Cinema Chat begins with a discussion on efforts to preserve the art of making movies on film.
Filmed over 12 years with the same cast, Richard Linklater's “Boyhood” is a groundbreaking story of growing up as seen through the eyes of a child named Mason (a breakthrough performance by Ellar Coltrane), who literally grows up on screen before our eyes.
Starring Ethan Hawke and Patricia Arquette as Mason's parents, “Boyhood” charts the rocky terrain of childhood like no other film has before. Snapshots of adolescence from road trips and family dinners to birthdays and graduations and all the moments in between become transcendent; “Boyhood” is both a nostalgic time capsule of the recent past and an ode to growing up and parenting.
Andrew O'Hehir of Salon.com says, “There isn't anything else quite like ‘Boyhood’ in the history of cinema, although that wouldn't matter one-fifth as much if it weren't a moving and memorable viewing experience in the end.” “Boyhood” opens exclusively at the Michigan Theater on Friday.
“A Summer’s Tale” is the 3rd of French New Wave master Eric Rohmer‘s “Tales of the Four Seasons” cycle. Released abroad in 1996, it was the only one of the cycle’s four films not distributed in the United States, and is now finally having its American release.
Gaspard, a recent university graduate, arrives at the seaside in Bretagne for three weeks’ vacation before starting a new job. He’s hoping his sort-of girlfriend, the fickle Léna, will join him there; but as the days pass, he welcomes the interest of Margot, a student working as a waitress for the summer.
Things start to get complicated when the spoken-for Margot encourages Gaspard to have a summer romance with her friend Solène, and he complies. When Léna turns up, and scheduling complications abound, Gaspard will have to make a choice. “A Summer’s Tale” opens Friday at the Michigan Theater.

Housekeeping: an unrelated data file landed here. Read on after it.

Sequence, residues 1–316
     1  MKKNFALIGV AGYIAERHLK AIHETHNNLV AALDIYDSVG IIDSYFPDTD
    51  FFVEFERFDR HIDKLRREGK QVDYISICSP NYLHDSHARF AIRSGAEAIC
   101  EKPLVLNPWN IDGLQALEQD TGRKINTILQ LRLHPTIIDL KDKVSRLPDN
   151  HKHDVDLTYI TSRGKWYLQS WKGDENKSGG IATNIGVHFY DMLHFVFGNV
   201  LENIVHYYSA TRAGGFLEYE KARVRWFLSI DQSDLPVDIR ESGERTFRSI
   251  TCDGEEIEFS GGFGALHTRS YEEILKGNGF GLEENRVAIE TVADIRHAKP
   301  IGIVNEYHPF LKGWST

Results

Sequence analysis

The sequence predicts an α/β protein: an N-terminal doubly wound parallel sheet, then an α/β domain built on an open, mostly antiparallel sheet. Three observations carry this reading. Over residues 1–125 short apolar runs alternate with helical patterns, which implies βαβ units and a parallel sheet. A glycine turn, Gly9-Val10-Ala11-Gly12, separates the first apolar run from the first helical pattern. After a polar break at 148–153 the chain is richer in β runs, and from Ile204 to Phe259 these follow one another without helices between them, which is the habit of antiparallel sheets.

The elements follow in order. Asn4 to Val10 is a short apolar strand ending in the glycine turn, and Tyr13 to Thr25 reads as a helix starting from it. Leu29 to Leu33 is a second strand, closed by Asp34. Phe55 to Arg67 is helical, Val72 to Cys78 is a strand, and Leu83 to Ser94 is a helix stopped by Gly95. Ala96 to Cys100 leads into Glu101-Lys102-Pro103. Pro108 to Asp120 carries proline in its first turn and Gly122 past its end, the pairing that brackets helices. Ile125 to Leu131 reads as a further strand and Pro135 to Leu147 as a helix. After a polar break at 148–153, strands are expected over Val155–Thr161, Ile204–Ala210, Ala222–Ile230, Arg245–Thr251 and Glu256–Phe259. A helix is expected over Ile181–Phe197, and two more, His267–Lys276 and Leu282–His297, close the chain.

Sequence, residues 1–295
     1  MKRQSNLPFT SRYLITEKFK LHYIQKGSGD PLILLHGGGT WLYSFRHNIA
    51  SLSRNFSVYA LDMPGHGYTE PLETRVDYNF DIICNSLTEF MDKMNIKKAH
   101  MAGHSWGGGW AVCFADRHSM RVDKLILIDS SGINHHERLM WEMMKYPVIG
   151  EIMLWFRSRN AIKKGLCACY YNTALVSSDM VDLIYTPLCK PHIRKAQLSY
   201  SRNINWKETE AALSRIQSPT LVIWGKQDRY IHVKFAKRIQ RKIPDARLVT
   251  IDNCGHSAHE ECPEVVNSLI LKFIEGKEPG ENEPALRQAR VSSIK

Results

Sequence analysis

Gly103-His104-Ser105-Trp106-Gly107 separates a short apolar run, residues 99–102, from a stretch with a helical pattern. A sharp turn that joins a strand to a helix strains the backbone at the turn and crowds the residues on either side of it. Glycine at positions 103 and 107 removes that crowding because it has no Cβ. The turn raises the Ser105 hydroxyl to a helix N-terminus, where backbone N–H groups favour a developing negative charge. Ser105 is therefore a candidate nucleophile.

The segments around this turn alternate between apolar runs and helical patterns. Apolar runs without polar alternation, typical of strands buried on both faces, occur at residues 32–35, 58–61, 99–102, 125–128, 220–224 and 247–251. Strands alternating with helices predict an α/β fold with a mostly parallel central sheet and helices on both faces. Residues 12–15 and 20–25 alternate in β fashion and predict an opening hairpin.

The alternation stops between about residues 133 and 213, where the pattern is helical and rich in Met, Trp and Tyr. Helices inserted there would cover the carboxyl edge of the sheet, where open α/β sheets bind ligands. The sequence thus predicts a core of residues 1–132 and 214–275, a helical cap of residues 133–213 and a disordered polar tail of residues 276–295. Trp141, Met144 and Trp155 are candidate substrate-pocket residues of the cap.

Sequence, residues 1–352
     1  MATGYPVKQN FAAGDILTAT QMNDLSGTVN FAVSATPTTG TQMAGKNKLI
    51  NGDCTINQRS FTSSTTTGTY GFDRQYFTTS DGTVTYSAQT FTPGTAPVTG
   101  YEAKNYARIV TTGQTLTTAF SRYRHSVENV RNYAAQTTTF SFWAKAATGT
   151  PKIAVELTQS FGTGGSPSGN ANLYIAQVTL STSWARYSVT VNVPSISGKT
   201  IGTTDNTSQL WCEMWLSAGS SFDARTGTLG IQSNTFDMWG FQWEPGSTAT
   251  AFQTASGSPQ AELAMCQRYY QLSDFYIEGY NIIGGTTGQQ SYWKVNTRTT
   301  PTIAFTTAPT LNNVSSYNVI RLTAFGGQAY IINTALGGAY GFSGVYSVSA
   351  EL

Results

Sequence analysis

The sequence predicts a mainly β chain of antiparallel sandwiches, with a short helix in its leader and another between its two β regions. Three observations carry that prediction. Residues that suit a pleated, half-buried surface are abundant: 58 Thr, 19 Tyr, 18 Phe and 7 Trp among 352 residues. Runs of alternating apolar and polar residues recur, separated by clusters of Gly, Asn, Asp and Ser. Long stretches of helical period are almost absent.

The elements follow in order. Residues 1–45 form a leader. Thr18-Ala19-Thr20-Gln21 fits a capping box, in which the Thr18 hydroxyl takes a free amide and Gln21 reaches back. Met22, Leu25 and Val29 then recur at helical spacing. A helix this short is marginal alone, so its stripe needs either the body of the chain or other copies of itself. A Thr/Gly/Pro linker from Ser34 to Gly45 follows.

Opening at the Cineplex
From Marvel, the studio that brought you “Iron Man” and “The Avengers,” comes a new team: the “Guardians of the Galaxy.”
The epic space adventure expands the Marvel Cinematic Universe into the cosmos, where brash adventurer Peter Quill(Chris Pratt) finds himself the object of an unrelenting bounty hunt after stealing a mysterious orb coveted by Ronan (Lee Pace), a powerful villain with ambitions that threaten the entire universe.
To evade the ever-persistent Ronan, Quill is forced into an uneasy truce with a quartet of disparate misfits. Also starring Bradley Cooper, Zoe Saldana, and Vin Diesel, “Guardians of the Galaxy” opens Friday.
In his follow-up to the four-time Academy Award-nominated “The Help,” Tate Taylor directs Chadwick Boseman (“42”) as James Brown in “Get On Up.”
Based on the incredible life story of the Godfather of Soul, the film gives a fearless look inside the music, moves and moods of Brown, taking audiences on a journey from his impoverished childhood to his evolution into one of the most influential figures of the 20th century.
Sheri Linden of the Hollywood Reporter says, “It's that rare musician's biography with a deep feel for the music. And in Chadwick Boseman, it has a galvanic core, a performance that transcends impersonation and reverberates long after the screen goes dark.” Also starring Viola Davis, Octavia Spencer, and Dan Aykroyd, “Get On Up” opens Friday.
Special Screenings Downtown
In “Rebel Without A Cause,” Nicholas Ray‘s landmark juvenile-delinquent drama, teenager Jimmy Stark (James Dean) can’t help but get into trouble, a problem that has forced his appearance-conscious parents to move from one town to another.
In a 1995 40th-anniversary review, Peter Stack of the San Francisco Chronicle said the film is “an indelible vision of a pretty 1950s America with a searing crack in it.”
With Natalie Wood, Dennis Hopper, Sal Mineo, and more. “Rebel Without A Cause” plays Sunday, August 3 at 1:30 PM & Tuesday, August 5 at 7 PM as part of the Summer Classics Film Series.
In “The Man Who Fell To Earth,” a space alien (David Bowie) crash lands on Earth, seeking help for his drought-stricken planet.
By securing patents to advanced technology, he becomes a fabulously wealthy industrialist. However, money and its attendant decadence ultimately exert a stronger gravitational pull.
“The Man Who Feel To Earth” plays Thursday, August 7 at 10 PM. Part of the Summer Classics After Dark Series.
The series kicks off tonight, July 31, at 10 PM with “Stop Making Sense,” the first feature-length documentary effort of filmmaker Jonathan Demme about The Talking Heads and its visionary leader David Byrne.
In commemoration of the 100th anniversary of the start of World War I, the Michigan Theater will screen three new films produced by the BBC. “ Royal Cousins at War: The Final Blow to the Royal Houses of Europe” plays Sunday, August 3, at 4:30 PM; “Churchill’s First World War” plays Sunday, August 3, at 7:00 PM; and “37 Days: The Road to World War I” plays Monday, August 4, at 6:30 PM. The three screenings are free and open to the public.